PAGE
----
The Wonder Book of Knowledge
by Henry Chase Hill (ed.)
Publisher: John C. Winston Company 1921
Number of pages: 624
This book is presented to those, both young and old, who wish to have a non-technical account of the history, evolution and production of some of the every-day wonders of the modern industrial age; coupled with occasional glimpses of the wonderful object-lessons afforded by nature in her constructive activities in the animal, vegetable and mineral kingdoms; and simple, understandable answers to the myriad puzzling questions arising daily in the minds of those for whom the fascination of the 'Why' and 'How' is always engrossing.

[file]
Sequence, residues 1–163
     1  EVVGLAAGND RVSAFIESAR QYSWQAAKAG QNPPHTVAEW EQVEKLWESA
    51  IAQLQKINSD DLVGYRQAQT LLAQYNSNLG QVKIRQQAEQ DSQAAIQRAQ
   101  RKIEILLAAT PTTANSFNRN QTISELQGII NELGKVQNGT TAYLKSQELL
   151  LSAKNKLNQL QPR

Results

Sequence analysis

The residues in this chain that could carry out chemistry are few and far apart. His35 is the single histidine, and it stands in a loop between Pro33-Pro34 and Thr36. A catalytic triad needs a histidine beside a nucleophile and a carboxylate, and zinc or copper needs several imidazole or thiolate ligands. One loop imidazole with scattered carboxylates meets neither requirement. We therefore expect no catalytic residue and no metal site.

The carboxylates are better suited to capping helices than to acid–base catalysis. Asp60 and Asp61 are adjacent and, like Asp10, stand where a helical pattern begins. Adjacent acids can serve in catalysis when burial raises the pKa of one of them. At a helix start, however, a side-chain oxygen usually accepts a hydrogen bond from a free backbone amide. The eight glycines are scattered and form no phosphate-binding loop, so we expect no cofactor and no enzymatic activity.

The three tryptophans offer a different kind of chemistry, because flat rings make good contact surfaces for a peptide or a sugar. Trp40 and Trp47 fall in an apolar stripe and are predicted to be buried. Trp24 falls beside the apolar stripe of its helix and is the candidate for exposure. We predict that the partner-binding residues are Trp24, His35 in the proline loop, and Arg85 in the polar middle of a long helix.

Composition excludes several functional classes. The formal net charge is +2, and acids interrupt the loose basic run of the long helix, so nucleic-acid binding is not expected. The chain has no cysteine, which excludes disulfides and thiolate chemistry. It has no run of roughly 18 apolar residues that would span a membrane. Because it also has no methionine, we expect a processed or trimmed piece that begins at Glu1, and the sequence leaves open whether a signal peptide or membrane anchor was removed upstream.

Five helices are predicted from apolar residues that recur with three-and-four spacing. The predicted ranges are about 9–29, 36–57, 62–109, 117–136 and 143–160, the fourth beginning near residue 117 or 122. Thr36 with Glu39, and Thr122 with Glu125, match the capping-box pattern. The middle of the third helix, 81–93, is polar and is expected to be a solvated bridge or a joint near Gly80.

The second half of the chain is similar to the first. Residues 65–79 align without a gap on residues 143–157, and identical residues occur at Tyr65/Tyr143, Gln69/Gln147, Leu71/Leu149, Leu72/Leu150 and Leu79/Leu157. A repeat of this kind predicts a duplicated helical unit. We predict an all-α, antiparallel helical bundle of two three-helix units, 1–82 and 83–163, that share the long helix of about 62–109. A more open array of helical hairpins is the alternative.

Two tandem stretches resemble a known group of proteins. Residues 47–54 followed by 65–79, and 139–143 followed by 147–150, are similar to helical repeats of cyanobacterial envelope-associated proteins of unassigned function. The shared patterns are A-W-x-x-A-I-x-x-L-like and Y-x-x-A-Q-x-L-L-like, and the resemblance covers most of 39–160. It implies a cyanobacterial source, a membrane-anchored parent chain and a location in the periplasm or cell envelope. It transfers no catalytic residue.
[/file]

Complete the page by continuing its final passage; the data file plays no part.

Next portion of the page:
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by Henry Smith Williams - Project Gutenberg
We shall best understand our story of the growth of science if we think of each new principle as a stepping-stone which must fit into its own particular niche. The story of the building of this wonderful structure is in itself fascinating.
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An examination of the process scientists go through when determining which of the facts before them will be most useful in advancing scientific knowledge. In this text Poincare investigates mathematics, logic, physics, mechanics, and astronomy.
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